Introduced in 1962, the Singlex was Ricoh's first SLR camera with interchangeable lenses. Interestingly, this analogue beauty happens to have a more popular twin. Find out which in this installment of Lomopedia!
Ricoh’s first interchangeable lens 35mm SLR camera, the Ricoh Singlex, was introduced in 1962 — the same year when the Nikkorex F (also called Nikkor J), made by Mamiya for Nikon, was sold. At the time, Ricoh wanted to tap into the SLR camera market but their factory was not yet ready, so it was a good time when Mamiya eventually sold the camera design to Ricoh.
The Singlex was slightly improved yet very similar to the Nikkorex F, down to the Nikon F mount, and was also produced in the same Mamiya factory where the Nikkorex F was made. However, Mamiya also designed different external clip on CdS meters for the Ricoh Singlex and Nikkorex F. The Rikenon F-Mount lenses are also totally different from the Nikkor lenses. The original Singlex was also the only model to have the Nikon F-mount; the rest were made with 42mm screw mount.
Film Format and Frame Size: 35mm film, 24×36mm.
Lens Mount: Nikon F Mount
Standard lens: Rikenon 1:1.4 55mm
Exposure meter: None
Shutter: Copal Square metal blade shutter
Shutter speeds: 1 – 1/1000 sec, Bulb
Accessory: External coupled clip-on CdS meter
Dimensions: 147 × 93 × 102mm
Take a look at the user manual for Ricoh Singlex at Butkus.
Styled in a unique and quirky way, the Ricoh Auto Half captured the hearts of eager snappers during its 20 year production. Read on to find out why the Ricoh Auto Half was a popular half-frame shooter in this instalment of Lomopedia.
Wide-angle shooters will surely like this one. Made to be a disposable camera, the modification-ready Konica Wai Wai has made many film photography enthusiasts swoon with its distinctive wide-angle shooting and remarkable effects. Read on to find out more about this peculiar-looking camera in this installment of Lomopedia.
Dubbed as an ideal analogue camera for beginners, the FM10 boasts a myriad of features that can definitely teach photography newbies a trick or two when it comes to shooting. Read on to find out more about this trusty SLR from Nikon.
The Lomography Belair X 6-12 is more than just a medium format camera. It is lightweight, compact and is capable of shooting photos in 3 different sizes: 6x12, 6x9 and 6x6. Equipped with high-quality interchangeable lenses and automatic exposure, it can give you beautiful shots with every roll. It can also take 3 different film formats: 120 film, 35mm and instant film. Read on to find out all about this fantastic camera.
The Lomography Belair X 6-12 is more than just a medium format camera. It is lightweight, compact, and capable of shooting photos in three different sizes: 6x12, 6x9, and 6x6. Equipped with a high quality interchangeable lens system and and automatic exposure, it can give you beautiful shots in every roll. It can also take three different film formats: 120mm, 35mm, and instant. Read on to find out all about this fantastic camera.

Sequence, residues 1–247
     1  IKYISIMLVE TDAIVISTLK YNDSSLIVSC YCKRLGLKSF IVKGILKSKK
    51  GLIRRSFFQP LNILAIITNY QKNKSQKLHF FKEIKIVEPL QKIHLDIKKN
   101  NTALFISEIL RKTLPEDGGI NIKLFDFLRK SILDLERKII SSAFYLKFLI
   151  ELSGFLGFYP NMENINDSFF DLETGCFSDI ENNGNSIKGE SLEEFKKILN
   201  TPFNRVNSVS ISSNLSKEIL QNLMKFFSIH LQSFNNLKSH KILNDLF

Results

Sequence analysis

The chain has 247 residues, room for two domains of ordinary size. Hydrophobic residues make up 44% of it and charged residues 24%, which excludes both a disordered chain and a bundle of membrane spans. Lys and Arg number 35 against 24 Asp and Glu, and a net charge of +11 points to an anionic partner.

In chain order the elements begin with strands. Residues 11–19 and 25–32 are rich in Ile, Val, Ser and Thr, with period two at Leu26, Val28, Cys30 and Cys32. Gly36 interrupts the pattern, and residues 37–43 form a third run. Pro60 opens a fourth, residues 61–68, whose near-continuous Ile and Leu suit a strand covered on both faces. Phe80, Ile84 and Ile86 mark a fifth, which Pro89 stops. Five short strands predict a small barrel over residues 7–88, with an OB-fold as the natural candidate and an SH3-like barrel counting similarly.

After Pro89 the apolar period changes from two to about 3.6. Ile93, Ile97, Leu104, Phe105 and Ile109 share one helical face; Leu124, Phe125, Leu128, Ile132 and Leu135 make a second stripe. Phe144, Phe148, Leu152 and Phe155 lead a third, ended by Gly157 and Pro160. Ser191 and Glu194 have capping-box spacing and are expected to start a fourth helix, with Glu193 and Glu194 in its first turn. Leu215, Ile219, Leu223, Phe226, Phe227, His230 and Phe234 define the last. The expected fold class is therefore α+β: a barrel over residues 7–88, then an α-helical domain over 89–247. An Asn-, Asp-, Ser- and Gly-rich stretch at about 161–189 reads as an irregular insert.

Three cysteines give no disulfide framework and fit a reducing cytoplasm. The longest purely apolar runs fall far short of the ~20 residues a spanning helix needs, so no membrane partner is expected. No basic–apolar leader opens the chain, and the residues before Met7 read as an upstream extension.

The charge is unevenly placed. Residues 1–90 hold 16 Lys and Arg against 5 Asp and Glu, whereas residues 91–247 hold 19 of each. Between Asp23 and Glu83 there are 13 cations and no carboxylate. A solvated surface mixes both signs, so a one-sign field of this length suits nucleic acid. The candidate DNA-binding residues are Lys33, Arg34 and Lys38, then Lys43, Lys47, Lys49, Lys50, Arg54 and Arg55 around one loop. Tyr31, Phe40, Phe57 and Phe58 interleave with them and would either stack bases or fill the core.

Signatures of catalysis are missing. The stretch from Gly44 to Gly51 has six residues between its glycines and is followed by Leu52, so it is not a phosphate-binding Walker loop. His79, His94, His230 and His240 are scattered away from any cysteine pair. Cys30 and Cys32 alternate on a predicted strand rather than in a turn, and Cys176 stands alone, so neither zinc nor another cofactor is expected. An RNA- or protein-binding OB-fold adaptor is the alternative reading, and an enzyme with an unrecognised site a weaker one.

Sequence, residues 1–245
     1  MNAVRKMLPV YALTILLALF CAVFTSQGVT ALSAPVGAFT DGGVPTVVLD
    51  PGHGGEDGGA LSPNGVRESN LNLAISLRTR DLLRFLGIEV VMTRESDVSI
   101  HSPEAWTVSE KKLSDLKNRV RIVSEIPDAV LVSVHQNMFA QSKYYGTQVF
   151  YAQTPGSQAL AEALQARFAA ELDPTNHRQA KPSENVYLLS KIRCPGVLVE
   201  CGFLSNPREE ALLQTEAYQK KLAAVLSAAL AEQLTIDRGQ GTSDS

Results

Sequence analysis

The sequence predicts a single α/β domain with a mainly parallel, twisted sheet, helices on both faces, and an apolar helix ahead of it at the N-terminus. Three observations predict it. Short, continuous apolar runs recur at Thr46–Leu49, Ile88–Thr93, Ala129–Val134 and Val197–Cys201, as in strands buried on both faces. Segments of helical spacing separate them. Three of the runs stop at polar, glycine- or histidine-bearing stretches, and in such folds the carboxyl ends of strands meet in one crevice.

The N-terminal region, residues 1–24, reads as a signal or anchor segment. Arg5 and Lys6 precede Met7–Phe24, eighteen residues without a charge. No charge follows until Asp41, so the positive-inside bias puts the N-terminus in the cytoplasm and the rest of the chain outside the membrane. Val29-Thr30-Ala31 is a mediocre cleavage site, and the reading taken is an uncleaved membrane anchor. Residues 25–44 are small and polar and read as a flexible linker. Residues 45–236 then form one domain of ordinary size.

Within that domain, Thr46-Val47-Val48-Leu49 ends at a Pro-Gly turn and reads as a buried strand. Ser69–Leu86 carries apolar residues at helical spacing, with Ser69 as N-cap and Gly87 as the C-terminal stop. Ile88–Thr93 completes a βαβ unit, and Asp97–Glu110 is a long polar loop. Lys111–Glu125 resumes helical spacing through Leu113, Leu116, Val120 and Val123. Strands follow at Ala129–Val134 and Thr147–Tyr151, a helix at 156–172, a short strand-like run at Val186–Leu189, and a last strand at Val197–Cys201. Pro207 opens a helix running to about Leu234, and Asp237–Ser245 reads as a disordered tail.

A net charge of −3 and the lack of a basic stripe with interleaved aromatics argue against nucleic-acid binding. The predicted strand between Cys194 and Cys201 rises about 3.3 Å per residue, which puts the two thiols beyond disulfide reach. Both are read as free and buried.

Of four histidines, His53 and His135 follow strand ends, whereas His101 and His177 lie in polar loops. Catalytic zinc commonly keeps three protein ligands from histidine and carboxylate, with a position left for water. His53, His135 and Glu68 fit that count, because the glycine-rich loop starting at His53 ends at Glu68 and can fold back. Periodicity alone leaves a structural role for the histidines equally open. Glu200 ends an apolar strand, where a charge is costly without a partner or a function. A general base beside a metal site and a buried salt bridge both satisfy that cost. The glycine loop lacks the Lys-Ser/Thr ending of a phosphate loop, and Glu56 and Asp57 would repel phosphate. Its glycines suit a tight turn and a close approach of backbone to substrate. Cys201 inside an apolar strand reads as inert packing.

For a short time, Blaine Vernicek, otherwise known as clownshoes in our Community, needed to be away from his beloved muse, Miss Katie, and stay in another state because of his new job. But thanks to his Lomo Smena Symbol, he was able to bring with him photographs of his sweetheart that somehow helped him forget the unnerving distance between them. Read on to find out more about this heartwarming story in this installment of My First Lomo Affair!
Classy, moody photographs in monochrome and with fine grain - what more could you ask for from one of Lomography's very own black and white emulsion for standard 35mm cameras, the Earl Grey? Find out how this film fared among six of our community members in this Reviews on Rewind installment!
Not long after Alex Timmermans purchased his first digital camera at the turn of the century, he quickly realized the trappings of digital photography couldn't fulfill his personal photographic desires. He then began searching for a more challenging process — one that wasn't so predictable. His journey eventually landed him back at the roots of analogue photography, specifically employing the wet plate collodion process using original Petzval lenses. This antique photographic process found in him a renewed inspiration and has since become his passion, which is evident in both his words and his images.
Perhaps you already know this young and beautiful woman? Yes, you’re right: she was one of our previous LomoAmigos! This time around, Diane Sagnier tried the Petzval Art Lens with her analog Nikon camera. Let’s find out more about her work in this exclusive interview!
The original Diana F is a plastic beauty from 1960s Hong Kong. The Diana F+ is a reinterpretation, which is in no way inferior to the old Diana. It´s so versatile with all the optional accessories and lenses like no other lomography camera. And because of this, I will show you what makes this camera so special.